Pet - sickness preventing


Scared to go to the doctor?
Are you a practitioner on taking the seasonal flu prevention vaccines and the like? With the cold weather around (or when it gets cold for you, depending where you live), the flu season starts with it and both people and dogs can fall prey! Dogs can also become a target the same way it hits people - lethargy, fever, runny noses, aches and pain, so it's important to keep a eye out for unusual behavior in your pet!

 The question in this post is regarding whether to vaccinate your pet to protect them against the influenza, or not?


According to experts, the answer to that will remain dependent on lifestyle. Canine Influenza is considered a precautionary vaccine much like what humans can take, it's recommended when a pet is staying at a daycare or kennel where it comes into contact with foreign conditions and company...prevention is recommended if your pet is regularly exposed to other pets whose medical history can't be verified, in enclosed situations such as a dog park.

Nowadays, boarding facilities encourage such prevention vaccines to lower the risk of outbreaks, the same applies to dogs doing dog shows as they sometimes travel, and live in areas of a country where it is considered to be epidemic. Canine flu isn't fundamentally different to human flu - signs to look for are lethargy, abnormal quantity in food ingestion, runny eyes and nose, fever, coughing and really every other not run of the mill behavior. At early stages, it might be mistaken for kennel cough, but the flu will usually last longer. By itself it isn't life threatening and requires simply supportive care and attention to help the dog recover as quickly and to feel as comfortable as possible while the symptoms last. While normally we just have to let the sickness run it's course, it's important to keep them feeling good and recover as much as possible so it doesn't turn into a pneumonia. If the flu develops into a pneumonia, the situation becomes much more serious and may require hospitalization or more intensive treatment.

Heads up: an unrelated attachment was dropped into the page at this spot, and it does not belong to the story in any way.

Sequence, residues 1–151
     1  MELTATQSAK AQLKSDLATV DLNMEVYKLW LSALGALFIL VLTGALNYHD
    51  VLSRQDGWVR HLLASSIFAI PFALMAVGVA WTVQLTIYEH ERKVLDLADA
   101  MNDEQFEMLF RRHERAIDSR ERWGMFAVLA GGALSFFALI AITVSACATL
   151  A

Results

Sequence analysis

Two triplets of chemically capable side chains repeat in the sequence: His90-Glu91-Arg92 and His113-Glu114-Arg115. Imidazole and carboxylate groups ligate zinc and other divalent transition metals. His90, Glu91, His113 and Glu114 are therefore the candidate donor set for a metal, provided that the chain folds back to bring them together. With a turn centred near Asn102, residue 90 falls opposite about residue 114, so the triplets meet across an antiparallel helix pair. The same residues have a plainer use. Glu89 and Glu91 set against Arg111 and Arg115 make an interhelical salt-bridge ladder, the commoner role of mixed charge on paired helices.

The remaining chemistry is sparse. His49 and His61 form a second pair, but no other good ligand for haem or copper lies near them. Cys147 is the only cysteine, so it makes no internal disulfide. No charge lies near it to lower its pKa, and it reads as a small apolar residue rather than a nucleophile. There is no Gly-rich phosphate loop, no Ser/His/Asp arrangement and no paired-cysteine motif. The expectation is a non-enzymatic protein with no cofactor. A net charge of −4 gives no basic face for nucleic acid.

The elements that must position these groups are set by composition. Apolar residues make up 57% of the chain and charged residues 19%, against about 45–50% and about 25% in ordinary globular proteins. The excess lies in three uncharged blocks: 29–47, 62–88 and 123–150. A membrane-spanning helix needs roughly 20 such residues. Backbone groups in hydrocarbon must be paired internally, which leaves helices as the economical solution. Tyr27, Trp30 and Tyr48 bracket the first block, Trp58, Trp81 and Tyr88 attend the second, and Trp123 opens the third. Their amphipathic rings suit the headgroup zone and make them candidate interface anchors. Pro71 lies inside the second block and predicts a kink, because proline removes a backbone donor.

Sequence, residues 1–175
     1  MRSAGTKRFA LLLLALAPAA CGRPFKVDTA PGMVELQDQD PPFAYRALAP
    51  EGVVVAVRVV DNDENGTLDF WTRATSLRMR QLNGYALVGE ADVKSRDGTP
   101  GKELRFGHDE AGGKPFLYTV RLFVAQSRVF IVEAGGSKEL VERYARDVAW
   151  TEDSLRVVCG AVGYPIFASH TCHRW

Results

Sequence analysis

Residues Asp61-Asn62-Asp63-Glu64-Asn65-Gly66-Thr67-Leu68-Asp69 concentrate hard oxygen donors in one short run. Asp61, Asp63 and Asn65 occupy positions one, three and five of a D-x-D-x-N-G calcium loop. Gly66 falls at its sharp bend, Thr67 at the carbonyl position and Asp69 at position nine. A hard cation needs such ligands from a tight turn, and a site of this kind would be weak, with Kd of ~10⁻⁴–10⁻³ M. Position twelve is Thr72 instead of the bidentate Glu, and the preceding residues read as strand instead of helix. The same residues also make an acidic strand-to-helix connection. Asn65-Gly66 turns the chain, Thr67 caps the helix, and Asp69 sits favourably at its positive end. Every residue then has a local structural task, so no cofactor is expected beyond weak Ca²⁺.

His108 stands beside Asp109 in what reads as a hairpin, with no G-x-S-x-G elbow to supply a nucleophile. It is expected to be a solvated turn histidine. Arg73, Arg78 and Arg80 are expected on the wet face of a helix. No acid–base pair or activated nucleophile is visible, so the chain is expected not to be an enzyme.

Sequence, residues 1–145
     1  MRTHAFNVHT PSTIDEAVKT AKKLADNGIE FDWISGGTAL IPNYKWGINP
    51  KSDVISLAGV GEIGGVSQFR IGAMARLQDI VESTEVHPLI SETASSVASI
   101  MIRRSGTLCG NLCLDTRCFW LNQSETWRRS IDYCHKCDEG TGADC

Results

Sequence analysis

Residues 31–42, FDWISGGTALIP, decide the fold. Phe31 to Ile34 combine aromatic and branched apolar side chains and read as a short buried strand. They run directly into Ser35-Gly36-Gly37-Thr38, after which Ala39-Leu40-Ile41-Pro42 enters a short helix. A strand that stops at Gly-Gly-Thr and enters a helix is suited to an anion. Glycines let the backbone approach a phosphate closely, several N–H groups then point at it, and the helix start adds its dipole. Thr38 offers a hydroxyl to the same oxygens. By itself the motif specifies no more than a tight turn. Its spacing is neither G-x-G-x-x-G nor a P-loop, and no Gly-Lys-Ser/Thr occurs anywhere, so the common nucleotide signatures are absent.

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5 comments:

Vague Raconteur said...

What fascinates me is the origin of these diseases, and how long it's taken us to find it (or how long it's taken to adapt to dogs)!

Deathscreton said...

Vague Raconteur, I have only an amateur understanding of actual biology, but if I remember correctly, the flu can mutate heavily mutate in a very short period of time, so dogs will always be affected by it -- just like humans!

Influenza is perhaps one of the most diverse sicknesses we've come across.

Shaw said...

Didn't know pets could get flu vaccines.

King Saso said...

I agree, pets should be vaccinated, particularly on this cold weather :)

Foxzero said...

actually really good to know any new stuff. sometimes i only rush like hell to veterinary

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